Joined January 2017 Message
  • Day188

    Cancun/ Isla Mujeres

    August 9, 2017 in Mexico ⋅ ⛅ 31 °C

    I've always wanted to go to Cancun, just to see what it's like - and now I know. If you're into American spring break type of partying, or want to come on a family package holiday, or simply just use Cancun as a base for the surrounding Yucatan/ Quintana Roo area, then Cancun is ideal. But, it is not at all representative of Mexican culture - it's a bit of an America bubble really.

    That being said, as a traveller, there are some cool things to do in Cancun which shine through. The first is Isla Mujeres which is a fifteen minute ferry ride from the port. When I arrived in Isla Mujeres, the sun was shining and it was glorious. The beach had the clearest blue sea and white sands. The perfect way to end six months of travelling, right?

    Little did I know that a hurricane was headed towards Yucatan and the next two days would be torrential rain and winds, meaning all chances of last-minute sunbathing or snorkelling with whale sharks was eliminated. Typical.

    I spent the evening watching Netflix before getting the ferry back to Cancun the next day. Although I did get an idea of what Isla Mujeres was like, I definitely did not get to see the best of it due to bad weather. I would definitely like to go back one day in the dry season (and low season because it's insanely busy) and give it another chance.

    The next thing for me which shines through is some of the food in Cancun. When you look past all the American fast-food chains and Western panaderias, you can find some awesome authentic Mexican food. In Parque de las Palmas you can get 3 tacos for 30 pesos (that's the equivalent of £1.25 or something ridiculous).

    I also went on the hunt for souvenirs at Mercado 28, which is great for tacky tourist presents and also a good way to practice Spanish bartering skills. There are some bargains to be had, and I managed to get prices down as much as I could to get presents for the fam and Josh. Top tip - half it, and then walk away. They'll say no at first and then come calling after you.

    My trip ended with drinks at my hostel and a failed attempt to go out. Standard. The next day I caught my flight home from Cancun - back to the motherland - LONDON!
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  • Day185


    August 6, 2017 in Mexico ⋅ ⛅ 32 °C

    Arriving in Chetumal, I was like a deflated balloon. I was pretty miserable and at a crossroads. The holiday was over - I was exhausted and wanted to go home - and I didn't know what to do next.

    I booked myself into a hotel, reasoning it would have good wifi, so I could go on the internet and devise a POA. Of course, the wifi was rubbish and hard to search for anything. I decided I would have a good night's sleep and if I still felt the same the next day, that I was ready to go home, then I would book a flight.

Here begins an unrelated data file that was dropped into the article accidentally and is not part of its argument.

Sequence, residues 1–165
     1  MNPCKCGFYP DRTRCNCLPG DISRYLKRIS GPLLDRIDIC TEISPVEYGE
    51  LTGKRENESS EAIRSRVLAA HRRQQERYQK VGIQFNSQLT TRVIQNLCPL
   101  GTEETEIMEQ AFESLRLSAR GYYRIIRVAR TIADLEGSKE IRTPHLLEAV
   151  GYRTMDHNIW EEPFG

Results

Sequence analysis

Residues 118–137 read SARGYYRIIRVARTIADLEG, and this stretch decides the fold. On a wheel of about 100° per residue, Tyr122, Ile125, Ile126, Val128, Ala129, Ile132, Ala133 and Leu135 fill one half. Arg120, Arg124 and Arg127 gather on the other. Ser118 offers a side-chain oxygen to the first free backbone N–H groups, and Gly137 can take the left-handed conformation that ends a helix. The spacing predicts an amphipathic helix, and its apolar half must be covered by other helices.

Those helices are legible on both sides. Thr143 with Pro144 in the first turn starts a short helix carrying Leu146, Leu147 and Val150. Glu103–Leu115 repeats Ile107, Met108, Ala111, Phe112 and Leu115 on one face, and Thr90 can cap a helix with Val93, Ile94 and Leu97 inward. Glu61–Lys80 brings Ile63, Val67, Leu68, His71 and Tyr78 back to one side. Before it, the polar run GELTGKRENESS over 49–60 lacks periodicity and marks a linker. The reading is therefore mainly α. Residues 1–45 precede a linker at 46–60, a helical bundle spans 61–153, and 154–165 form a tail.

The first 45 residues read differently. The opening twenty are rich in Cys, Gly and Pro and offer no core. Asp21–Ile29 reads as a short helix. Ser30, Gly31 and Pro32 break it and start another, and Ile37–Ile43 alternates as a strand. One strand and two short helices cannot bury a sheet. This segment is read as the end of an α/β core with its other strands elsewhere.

The next day I was still felt the same and booked my flight for the next Wednesday, home from Cancun. This would give me a few days to see Mexico and do some of things I wanted to do before going back to London.

    My first stop in Mexico was a twenty minute drive across the border to the town of Chetumal. It seemed like an okay place, but not much of a tourist stop. The people were very friendly and seemed interested that tourists were staying in their town (you got a lot of stares). I didn't do much here apart from have a good night's sleep, get my first taste of Mexican cuisine with huevos rancheros at breakfast, before heading to the ADO bus stop to catch the 6-hour bus to Cancun.
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  • Day183

    Caye Caulker

    August 4, 2017 in Belize ⋅ 🌧 27 °C

    After a failed attempt to get pizza, shuttle to Guatemala City, 4am start and flight via El Salvador we arrived in Belize City - ready for Caye Caulker. Still wrecked from the hike, we deserved it.

    Arriving in Caye Caulker was like arriving in paradise. Crystal clear water, Caribbean vibes, no cars, colourful houses and some of the most easy-going people I have ever met. I loved the 'go slow' mentality here and it's hard for this place not to rub off on you.

    First thing was first: beach. We went down to the Lazy Lizard on the split and sunbathed for the remainder of the day. Al and I went for a swim, not realising the current was actually really strong and I genuinely had to be saved by a local who grabbed my wrist and pulled me to safety ("my saviour"). We had lunch and then went to Sip 'n' Dip - one of my ultimate favourite bars ever. It has hammocks, swings and tubes in the sea and the happy hour was pretty lethal.